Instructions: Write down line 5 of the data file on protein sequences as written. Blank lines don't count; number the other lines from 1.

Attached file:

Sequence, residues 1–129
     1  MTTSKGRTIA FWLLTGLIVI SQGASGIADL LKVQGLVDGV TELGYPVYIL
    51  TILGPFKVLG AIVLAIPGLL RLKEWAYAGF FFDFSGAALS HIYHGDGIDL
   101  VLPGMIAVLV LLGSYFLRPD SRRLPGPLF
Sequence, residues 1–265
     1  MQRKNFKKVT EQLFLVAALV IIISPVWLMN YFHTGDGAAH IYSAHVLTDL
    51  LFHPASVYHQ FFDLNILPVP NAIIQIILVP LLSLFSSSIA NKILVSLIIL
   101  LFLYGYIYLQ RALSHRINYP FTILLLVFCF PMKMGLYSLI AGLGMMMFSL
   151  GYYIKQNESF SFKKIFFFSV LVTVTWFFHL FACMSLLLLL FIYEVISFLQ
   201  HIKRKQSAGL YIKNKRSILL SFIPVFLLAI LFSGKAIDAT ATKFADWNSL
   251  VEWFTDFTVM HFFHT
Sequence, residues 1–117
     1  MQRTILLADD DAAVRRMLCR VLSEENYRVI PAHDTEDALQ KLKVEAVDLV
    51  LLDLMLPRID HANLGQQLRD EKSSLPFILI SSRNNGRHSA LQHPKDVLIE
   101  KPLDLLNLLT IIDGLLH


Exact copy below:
Sequence, residues 1–265